Who will be the prime beneficiaries of the new regulatory system?

The objective is that these regulations will keep people moving more frequently, with the intention of freeing up visitor mooring spaces in hotspots. They are also designed to discourage any further increases in the number of people choosing this as a lifestyle in London. They are also designed to generate a revenue through overstay fines, which it is intended will fund the policing and enforcement of these regulations. So on the face of it British Waterways should benefit through fund raising for enforcement staff, and occasional visitors to London should benefit by there being more spaces at which they can moor.

In reality no one is likely to gain any real benefit from the regulations as they are currently drawn up. They are unenforceable, have unintended consequences if people attempt to comply with them, such as more boat movements at the weekend – the busiest time for rowers and canoeists on the Lee. They will be met with deep and prolonged resistance which will be costly to deal with, one boat at a time. Better to reassess the issues, deal with the practical aspects which can be sorted out by some creative positive solutions, and open up the thinking regarding the future use of the waterways, particularly the urban waterways.

If they are passed, how would the new regulations affect you personally?

I am starting a trading business on the London Waterways. These regulations will not affect us directly. They will affect the community of people living on London’s waterways. This community is part of what gives the waterways life and meaning. It is the mystique of that chosen lifestyle and the presence of that community which creates added interest in the canals in the eyes of visitors, both local residents and definitely foreign visitors.

What proportion of boaters will be affected?

Estimates around 200 boats in London and up to 400 in the area affected by the proposals (my guess).

If the new regulations come into force, how do you think the experience of walking down a towpath will differ five years from now?

The canals is one place where a diverse group of users from all sorts of backgrounds and income levels manage to get along reasonably well, help each other out when in need, and all because of a shared love of the waterway environment, its heritage, boating life, and valuing simplicity and being close to nature, even within a city. The canals could change into a ‘gated’ community of marinas for those who can afford the high mooring fees. Fewer boats would be able to comply with the new regulations while maintaining their current responsibilities and activities, and therefore have to abandon this lifestyle. Boat resale prices would be affected locally, as a boat would be almost worthless without a mooring to go with it. The canals would become an exclusive gentrified environment and not a vibrant creative alternative one. It would loose its soul and the social and potential economic asset of a living community would be lost.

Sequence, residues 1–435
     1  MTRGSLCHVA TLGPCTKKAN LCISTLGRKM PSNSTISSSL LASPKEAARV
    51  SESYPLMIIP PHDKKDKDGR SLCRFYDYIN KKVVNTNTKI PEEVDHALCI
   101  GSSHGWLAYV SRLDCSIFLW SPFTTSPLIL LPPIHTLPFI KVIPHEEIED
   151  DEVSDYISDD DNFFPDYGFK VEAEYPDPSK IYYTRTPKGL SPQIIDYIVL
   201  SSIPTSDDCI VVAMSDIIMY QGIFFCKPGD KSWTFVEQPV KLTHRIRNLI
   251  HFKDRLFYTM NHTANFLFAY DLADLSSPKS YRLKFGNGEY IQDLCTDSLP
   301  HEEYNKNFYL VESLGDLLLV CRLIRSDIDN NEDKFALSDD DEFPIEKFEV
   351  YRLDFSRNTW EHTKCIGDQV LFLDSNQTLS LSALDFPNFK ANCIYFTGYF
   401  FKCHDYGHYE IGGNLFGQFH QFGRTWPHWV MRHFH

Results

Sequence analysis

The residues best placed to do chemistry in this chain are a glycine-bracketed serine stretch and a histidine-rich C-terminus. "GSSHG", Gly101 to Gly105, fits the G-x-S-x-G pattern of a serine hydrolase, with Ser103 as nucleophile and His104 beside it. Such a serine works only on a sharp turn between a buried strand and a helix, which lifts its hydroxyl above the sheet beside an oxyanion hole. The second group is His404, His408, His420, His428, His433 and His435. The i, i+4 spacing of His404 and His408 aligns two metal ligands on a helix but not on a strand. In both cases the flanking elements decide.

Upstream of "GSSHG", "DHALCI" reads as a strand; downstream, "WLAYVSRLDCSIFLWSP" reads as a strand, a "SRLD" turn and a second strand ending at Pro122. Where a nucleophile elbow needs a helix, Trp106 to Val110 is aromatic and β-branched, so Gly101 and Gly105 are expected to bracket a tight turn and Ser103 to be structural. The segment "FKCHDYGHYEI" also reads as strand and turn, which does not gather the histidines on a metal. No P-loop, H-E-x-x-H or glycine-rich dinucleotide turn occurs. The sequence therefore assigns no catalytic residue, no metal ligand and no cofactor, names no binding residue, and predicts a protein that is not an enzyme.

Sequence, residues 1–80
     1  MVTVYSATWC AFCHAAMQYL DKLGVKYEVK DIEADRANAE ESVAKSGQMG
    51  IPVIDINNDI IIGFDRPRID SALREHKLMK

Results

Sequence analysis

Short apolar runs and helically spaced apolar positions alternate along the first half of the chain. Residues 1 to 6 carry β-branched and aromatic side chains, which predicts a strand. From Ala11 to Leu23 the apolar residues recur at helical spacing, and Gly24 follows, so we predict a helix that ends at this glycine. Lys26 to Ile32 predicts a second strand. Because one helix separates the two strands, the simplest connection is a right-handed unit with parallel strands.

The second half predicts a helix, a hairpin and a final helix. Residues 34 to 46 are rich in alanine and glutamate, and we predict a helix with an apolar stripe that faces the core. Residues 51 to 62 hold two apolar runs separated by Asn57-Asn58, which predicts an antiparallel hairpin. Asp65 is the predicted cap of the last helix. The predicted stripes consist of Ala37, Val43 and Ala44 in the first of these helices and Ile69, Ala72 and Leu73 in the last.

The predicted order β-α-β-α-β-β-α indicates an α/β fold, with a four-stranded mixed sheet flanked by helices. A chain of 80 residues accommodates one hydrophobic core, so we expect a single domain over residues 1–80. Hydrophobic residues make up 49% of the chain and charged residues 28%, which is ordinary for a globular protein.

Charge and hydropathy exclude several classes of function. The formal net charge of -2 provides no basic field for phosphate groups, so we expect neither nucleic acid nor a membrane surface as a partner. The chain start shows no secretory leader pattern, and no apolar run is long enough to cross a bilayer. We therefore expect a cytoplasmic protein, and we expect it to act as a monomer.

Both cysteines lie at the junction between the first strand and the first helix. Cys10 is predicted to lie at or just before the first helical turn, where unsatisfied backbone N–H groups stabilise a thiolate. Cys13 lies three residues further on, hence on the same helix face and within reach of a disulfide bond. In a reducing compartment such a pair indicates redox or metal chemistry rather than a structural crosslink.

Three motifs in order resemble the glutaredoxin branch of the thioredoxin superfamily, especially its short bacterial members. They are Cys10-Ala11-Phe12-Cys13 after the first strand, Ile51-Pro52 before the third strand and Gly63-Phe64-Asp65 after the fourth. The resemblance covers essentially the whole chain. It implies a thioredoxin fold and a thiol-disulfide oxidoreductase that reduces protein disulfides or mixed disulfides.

How many people support your campaign, how many people do you need to support it?

In the hundreds at the moment, In the thousands is what is needed

What’s special about the Olympics?

The Olympics is an opportunity, but it is also a hugh monster that is disrupting so many institutions, businesses and people’s lives. It is also full of promise but finds it difficult to deliver those promises down to the people for whom it is ostensibly there to benefit. It is not allowed to fail or to be seen to fail in any way because the world’s media is on it – so it will be an inevitable media success – even if that is staged, and things get trampled on in the process. I am attempting to negotiate this opportunity and create something out of it that will be of real benefit to local people (see Social Enterprise London – conference on the Olympic legacy). The waterways and the life on it is the key.